I'm sure if you asked around you'd likely find someone who has, or is currently, boycotting a brand or company. With the public awareness surrounding sexual harassment claims at an all time high and still gaining momentum it should come as no surprise that companies have experienced consumer boycotts of their products and services. And for many consumers, boycotting brands and companies is one of the easiest ways to take a stand and make an impact. While many boycotts have not had a significant financial impact, they have created awareness of organizational issues and in response many companies are forced to take action - like implement training, update policies and procedures, etc.

5. What you say on the internet stays on the internet.

With company review sites such as Glassdoor, Fairy Godboss, and Indeed, employees are now able to tell the world when companies have sexual harassment issues. Just do a quick search and you'll find reviews from past and current employees who are warning others of the behaviors of those in their company. And with 79% of people stating that they would not accept a job with a higher salary from a company that failed to act in response to a report of sexual harassment, these reviews could mean you're missing out on the perfect candidates.

6. Soooooo... I'm going to need some more time off...

The 2010 National Health Interview Survey, found that people who experienced harassment or bullying at work were 1.7 times more likely to take at least 2 weeks off of work in comparison to employees who did not. There are both mental and physical health issues that can arise if our employees are experiencing workplace harassment. It was found that around 1 in 10 women who experienced workplace harassment would later exhibit such sever symptoms that they met the definition of PTSD. Health issues not only affect our employees wellness, they also impact our productivity, turnover rates, and much more.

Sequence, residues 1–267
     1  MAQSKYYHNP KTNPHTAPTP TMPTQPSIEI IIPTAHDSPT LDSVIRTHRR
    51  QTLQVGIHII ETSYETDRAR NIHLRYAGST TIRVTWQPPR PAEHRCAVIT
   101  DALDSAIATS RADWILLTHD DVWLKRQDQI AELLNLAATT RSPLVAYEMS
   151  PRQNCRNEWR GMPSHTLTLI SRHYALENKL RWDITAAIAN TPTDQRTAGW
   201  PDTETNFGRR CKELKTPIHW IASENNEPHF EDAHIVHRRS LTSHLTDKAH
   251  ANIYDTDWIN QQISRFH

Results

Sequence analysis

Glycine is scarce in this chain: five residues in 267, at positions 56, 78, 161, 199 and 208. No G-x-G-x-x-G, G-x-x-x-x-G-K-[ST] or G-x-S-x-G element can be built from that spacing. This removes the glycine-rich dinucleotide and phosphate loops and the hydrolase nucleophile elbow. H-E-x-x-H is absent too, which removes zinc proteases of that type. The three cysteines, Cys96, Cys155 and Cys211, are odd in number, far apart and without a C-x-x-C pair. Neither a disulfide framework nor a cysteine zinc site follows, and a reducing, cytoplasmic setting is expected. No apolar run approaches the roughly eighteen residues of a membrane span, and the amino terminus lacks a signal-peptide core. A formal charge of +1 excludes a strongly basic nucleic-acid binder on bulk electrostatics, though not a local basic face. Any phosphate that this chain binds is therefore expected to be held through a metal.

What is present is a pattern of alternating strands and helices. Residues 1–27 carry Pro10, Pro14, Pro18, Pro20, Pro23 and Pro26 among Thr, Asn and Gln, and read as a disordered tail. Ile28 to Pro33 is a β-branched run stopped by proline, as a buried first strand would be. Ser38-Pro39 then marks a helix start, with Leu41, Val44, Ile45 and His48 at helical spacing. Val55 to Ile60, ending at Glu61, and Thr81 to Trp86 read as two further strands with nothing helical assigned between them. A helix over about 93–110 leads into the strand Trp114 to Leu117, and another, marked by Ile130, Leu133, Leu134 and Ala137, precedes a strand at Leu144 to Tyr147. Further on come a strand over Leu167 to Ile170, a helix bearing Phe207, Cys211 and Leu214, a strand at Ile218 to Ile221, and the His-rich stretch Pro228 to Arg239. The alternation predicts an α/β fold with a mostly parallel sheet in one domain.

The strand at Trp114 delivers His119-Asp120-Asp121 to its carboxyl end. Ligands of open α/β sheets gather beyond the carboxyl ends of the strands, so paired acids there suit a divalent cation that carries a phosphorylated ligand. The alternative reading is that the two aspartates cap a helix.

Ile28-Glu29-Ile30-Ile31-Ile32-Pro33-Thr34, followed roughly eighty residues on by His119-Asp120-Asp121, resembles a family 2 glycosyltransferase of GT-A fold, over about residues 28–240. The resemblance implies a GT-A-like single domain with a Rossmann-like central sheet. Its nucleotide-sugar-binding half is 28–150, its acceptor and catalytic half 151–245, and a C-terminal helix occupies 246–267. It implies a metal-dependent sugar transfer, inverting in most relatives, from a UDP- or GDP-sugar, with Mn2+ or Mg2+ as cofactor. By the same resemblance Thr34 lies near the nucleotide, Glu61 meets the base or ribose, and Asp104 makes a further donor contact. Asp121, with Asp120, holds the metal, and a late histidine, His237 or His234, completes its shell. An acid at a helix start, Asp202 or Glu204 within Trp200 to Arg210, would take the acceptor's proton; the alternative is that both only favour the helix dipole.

How can we create change in our organization and help prevent harassment from happening?

There are so many aspects of a business that can be negatively affected by workplace harassment, yet the trainings we're using remain the same. We play a video, have employees complete online modules, track to make sure they've completed it in a timely fashion and then move on with our lives. Yet, for real change to take place in our organizations we need to do more. We need to train and educate employees on how they can be allies and advocates for change. We need to help them understand their role in holding everyone in the organization accountable. And we need to allow them time to reflect on how they would respond in tricky situations - because they ARE going to happen.

About Define the Line: We're on a mission to eliminate workplace harassment. Define the Line is a harassment prevention training in the form of a comic book. With activity sheets integrated throughout, Define the Line gets employees to answer questions about their own perceptions, to think about what they would do in a similar situation and helps create a safe space to reflect on their own actions. Also, it's in a comic book format which is not only super cool, but it's also a great way to train employees. Take a peek at one of the scenarios here. Ready to bring Define the Line to your team? Be sure to check out our online store or contact us at